"In order to achieve its goals, Congress chose a relatively arbitrary rule capable of easy administration. The objective standard of Section 16(b) imposes strict liability upon substantially all transactions occurring within the statutory time period, regardless of the intent of the insider or the existence of actual speculation. This approach maximized the ability of the rule to eradicate speculative abuses by reducing difficulties in proof. Such arbitrary and sweeping coverage was deemed necessary to insure the optimum prophylactic effect."

Reliance Electric Co. v. Emerson Electric Co., 404 U.S. 418, 422, 92 S. Ct. 596, 599, 30 L. Ed. 2d 575 (1972), quoting Bershad v. McDonough, 428 F.2d 693, 696 (7th Cir. 1970).

However, in response to a series of cases requiring the application of the statute to transactions which were not classic purchases and sales for cash, such as stock conversions, mergers, and stock options, the Supreme Court approved a narrow exception to the generally broad and arbitrary reach of section 16(b). The court held that when a transaction is "unorthodox" and not clearly within the reach of the statute, the opportunity for speculative abuse should be *5 assessed before section 16(b) liability is imposed:

In deciding whether borderline transactions are within the reach of the statute, the courts have come to inquire whether the transaction may serve as a vehicle for the evil which Congress sought to preventthe realization of short-swing profits based upon access to inside informationthereby endeavoring to implement congressional objectives without extending the reach of the statute beyond its intended limits.

Kern County Land Co. v. Occidental Petroleum Corp., 411 U.S. 582, 594-95, 93 S. Ct. 1736, 1744-1745, 36 L. Ed. 2d 503 (1973) (footnote omitted). This "subjective" or "pragmatic approach" was designed to mitigate the harshness of the application of section 16(b)'s strict liability standard to situations which, though arguably involving some equivalent of a section 16(b) purchase and sale, could not possibly allow for insider speculation and profiteering on non-public information.

Plaintiffs contend that inasmuch as their purchases of C-H stock and the sale of that stock to Eaton on June 12, 1978 occurred in the context of "a control contest type of situation", the sale was an "unorthodox" transaction within the Kern County exception to section 16(b) liability. They premise their contention that the sale was unorthodox upon the following assertions: (1) C-H was actively opposed to plaintiffs' retention of C-H stock; (2) plaintiffs were afraid that C-H would take some action to lock plaintiffs into an unmarketable minority position in C-H or to force plaintiffs to convert their C-H shares into securities of some other company in a merger or other business combination between C-H and some other company; and (3) C-H sought to force plaintiffs to divest their C-H stock at the earliest possible time, without regard to whether such divestiture might occur within six months of plaintiffs' purchase of the stock. Plaintiffs assert that insofar as the sale transaction of C-H was unorthodox and there was no possibility of speculative abuse there can be no liability under section 16(b).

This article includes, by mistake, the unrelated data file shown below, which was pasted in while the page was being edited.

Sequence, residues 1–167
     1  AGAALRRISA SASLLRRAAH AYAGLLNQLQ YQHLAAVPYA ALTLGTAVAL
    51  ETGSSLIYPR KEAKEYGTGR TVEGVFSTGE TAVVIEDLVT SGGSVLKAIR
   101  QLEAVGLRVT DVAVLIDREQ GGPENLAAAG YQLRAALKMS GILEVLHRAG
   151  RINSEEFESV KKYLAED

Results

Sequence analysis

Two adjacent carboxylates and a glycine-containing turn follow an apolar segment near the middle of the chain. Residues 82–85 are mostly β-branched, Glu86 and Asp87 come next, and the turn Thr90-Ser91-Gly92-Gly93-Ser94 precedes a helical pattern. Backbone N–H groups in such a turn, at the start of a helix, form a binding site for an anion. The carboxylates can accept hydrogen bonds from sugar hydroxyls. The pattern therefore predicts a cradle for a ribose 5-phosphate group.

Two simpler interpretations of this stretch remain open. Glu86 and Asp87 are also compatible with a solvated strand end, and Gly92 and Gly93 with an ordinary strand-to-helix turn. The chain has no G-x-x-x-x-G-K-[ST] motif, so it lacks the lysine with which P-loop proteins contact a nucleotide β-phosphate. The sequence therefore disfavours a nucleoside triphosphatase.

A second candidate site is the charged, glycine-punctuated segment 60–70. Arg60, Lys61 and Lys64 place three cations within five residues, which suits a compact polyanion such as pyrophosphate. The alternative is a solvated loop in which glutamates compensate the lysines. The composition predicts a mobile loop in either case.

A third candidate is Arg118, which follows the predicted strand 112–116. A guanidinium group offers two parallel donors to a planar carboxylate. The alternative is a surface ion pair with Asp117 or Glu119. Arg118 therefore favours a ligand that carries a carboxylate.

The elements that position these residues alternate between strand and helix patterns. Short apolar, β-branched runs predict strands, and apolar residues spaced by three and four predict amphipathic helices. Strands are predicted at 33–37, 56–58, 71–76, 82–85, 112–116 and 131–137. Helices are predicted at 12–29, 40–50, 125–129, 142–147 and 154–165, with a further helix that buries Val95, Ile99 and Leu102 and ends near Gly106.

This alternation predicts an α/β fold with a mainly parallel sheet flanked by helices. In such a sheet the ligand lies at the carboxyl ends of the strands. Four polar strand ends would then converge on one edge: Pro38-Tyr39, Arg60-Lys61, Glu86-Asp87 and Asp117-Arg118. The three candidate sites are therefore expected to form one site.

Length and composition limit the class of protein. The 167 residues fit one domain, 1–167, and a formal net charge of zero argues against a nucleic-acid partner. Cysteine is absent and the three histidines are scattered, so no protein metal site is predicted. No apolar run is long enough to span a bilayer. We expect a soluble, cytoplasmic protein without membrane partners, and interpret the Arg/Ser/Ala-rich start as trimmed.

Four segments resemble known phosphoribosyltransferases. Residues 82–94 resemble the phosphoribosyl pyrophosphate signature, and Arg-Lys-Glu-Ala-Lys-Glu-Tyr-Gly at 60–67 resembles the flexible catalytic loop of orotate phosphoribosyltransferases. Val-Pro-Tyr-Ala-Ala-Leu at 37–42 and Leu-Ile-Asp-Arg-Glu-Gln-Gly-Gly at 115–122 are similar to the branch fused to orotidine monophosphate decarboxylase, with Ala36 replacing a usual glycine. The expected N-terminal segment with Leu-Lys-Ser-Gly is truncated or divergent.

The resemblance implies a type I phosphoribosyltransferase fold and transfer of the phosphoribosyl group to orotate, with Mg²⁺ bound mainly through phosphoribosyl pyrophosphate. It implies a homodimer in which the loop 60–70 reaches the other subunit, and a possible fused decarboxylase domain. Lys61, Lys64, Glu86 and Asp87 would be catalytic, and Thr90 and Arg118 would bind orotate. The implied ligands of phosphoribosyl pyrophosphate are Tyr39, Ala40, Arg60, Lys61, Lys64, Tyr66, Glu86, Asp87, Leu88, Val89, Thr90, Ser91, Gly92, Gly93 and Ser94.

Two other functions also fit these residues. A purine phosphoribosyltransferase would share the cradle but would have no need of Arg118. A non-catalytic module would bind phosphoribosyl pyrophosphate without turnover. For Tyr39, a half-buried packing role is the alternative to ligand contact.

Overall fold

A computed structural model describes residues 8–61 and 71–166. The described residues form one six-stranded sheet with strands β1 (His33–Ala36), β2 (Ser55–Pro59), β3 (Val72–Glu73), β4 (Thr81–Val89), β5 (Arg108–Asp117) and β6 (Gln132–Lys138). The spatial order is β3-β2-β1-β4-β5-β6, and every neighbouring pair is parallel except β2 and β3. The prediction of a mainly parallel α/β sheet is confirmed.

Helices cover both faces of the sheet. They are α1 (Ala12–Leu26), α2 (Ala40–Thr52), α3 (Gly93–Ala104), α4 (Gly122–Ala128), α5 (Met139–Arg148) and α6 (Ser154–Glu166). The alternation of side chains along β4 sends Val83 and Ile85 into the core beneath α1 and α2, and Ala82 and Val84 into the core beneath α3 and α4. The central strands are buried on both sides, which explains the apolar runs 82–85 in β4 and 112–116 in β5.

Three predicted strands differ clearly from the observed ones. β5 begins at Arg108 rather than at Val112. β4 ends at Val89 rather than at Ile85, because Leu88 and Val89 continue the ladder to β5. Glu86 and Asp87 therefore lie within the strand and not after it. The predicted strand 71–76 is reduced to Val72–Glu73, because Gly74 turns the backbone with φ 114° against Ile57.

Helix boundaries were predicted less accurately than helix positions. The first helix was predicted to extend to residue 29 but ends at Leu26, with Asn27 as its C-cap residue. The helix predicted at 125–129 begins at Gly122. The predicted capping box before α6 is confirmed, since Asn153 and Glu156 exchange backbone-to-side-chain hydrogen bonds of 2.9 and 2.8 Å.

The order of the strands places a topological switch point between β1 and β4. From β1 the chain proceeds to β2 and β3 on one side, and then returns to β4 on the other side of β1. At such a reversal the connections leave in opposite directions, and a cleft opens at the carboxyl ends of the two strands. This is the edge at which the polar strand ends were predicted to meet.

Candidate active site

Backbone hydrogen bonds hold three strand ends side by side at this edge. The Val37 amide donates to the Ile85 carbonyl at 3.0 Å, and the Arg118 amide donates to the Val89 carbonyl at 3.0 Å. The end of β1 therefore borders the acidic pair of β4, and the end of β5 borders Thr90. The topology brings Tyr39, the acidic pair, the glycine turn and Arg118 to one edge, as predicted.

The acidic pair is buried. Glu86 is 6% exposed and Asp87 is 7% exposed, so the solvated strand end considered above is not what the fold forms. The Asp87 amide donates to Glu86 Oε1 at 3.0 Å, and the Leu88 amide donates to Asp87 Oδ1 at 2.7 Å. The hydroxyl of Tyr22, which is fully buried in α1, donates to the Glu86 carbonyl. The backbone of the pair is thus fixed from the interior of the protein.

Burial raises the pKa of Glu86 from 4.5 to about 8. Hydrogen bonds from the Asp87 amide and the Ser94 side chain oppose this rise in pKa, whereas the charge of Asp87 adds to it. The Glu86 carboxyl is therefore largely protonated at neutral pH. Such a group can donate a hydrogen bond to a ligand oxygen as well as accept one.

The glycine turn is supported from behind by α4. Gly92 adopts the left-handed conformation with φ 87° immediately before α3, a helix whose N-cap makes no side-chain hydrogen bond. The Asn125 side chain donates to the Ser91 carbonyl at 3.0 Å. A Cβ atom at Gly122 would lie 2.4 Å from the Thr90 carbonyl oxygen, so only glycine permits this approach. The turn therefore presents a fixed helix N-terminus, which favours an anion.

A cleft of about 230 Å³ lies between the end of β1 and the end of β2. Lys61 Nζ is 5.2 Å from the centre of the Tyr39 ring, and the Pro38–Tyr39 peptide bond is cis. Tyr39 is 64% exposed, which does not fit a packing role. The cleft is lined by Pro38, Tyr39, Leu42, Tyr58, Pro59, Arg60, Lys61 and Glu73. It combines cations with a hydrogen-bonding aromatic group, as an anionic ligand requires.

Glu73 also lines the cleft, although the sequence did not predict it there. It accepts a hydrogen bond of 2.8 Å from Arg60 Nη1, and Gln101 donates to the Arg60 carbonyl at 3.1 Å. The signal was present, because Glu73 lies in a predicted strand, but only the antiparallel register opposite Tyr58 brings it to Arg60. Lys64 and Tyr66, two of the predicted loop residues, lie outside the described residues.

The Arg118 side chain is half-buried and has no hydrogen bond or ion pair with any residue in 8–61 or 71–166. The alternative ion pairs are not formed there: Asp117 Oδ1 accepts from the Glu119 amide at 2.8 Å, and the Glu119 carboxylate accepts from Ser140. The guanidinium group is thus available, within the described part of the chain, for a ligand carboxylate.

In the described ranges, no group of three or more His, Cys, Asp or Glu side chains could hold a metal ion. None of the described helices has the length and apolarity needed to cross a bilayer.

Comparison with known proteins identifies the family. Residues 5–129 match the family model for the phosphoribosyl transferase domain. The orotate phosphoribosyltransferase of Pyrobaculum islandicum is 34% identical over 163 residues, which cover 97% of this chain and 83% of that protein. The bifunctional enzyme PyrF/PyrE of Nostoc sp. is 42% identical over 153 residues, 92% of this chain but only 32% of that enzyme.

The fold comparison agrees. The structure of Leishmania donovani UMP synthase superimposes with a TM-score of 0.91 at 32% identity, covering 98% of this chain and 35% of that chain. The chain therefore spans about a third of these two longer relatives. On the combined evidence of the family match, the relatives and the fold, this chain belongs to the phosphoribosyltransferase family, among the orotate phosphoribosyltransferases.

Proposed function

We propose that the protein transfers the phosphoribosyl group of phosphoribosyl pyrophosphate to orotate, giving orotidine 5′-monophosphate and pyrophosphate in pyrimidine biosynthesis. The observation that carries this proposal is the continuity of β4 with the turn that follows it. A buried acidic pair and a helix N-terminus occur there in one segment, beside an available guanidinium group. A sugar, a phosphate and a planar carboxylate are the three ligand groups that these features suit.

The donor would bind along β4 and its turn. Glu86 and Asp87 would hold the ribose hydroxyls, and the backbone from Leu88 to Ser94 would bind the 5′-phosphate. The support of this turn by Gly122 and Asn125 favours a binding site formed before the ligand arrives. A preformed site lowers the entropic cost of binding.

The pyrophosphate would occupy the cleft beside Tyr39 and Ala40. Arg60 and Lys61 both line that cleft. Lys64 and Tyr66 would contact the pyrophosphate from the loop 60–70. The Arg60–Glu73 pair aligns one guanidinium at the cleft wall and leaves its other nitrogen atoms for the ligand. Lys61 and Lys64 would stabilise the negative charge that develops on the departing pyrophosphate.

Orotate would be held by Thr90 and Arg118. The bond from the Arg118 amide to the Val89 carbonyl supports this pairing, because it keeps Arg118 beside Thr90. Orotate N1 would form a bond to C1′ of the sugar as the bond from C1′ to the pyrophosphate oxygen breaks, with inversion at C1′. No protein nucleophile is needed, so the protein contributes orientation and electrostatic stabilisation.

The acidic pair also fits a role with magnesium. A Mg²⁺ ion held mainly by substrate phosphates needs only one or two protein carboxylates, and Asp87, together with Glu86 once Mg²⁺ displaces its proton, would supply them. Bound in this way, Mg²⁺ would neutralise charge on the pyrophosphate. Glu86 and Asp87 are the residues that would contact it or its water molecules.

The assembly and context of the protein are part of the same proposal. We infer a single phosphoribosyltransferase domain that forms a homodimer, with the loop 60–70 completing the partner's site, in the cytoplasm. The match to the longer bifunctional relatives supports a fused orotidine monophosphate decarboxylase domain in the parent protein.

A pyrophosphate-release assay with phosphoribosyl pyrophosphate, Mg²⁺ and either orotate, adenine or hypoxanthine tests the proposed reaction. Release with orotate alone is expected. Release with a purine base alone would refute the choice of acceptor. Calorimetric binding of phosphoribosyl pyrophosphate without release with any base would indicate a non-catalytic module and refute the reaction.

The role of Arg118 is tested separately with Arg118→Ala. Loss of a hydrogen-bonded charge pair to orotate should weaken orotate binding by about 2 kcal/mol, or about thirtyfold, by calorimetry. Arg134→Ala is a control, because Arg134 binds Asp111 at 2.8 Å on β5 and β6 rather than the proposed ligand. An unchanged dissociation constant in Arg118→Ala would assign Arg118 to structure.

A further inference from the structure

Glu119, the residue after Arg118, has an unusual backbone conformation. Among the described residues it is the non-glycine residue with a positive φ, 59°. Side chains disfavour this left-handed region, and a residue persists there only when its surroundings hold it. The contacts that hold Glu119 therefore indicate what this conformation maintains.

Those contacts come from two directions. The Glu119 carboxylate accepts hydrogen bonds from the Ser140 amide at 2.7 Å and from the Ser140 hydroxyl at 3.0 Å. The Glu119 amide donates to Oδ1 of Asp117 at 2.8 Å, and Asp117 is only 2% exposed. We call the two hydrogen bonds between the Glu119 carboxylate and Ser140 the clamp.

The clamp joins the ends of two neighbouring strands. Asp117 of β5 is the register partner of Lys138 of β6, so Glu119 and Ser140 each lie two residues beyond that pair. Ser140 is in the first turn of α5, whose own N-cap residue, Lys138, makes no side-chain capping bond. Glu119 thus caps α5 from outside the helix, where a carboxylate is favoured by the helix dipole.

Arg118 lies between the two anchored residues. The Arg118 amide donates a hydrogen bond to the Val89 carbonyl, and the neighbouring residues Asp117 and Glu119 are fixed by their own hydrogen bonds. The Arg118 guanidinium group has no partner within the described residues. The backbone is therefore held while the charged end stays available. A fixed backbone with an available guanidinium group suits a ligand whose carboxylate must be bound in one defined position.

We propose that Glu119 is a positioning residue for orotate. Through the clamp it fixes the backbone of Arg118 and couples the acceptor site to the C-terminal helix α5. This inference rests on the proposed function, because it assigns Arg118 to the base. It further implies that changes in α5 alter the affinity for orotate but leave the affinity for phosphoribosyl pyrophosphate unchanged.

The Court finds plaintiffs' arguments without merit. Their assertion that section 16(b) when read in light of its legislative purpose and economic reality, establishes that Congress did not intend to impose automatic liability upon ten percent shareholders who make short-swing cash-for-stock trades and profits unless they had "access to inside information" is supported by neither the legislative history of section 16(b) nor the case law applying it.

A review of the legislative history indicates, as defendant argues, that Congress specifically envisioned a statutory scheme which imposes automatic liability on any and all ten percent shareholders who buy and sell an issuer's securities within a six-month period, irrespective of whether they had access to or misused inside information. Thomas Corcoran, chief spokesman for the draftsmen and proponents of the Act stated this purpose graphically in testimony before the Senate Committee on Banking and Currency:

You hold the director, irrespective of any intention or expectation to sell the security within six months after, because it will be absolutely impossible to prove the existence of such intention or expectation, and you have to have this crude rule of thumb. . . .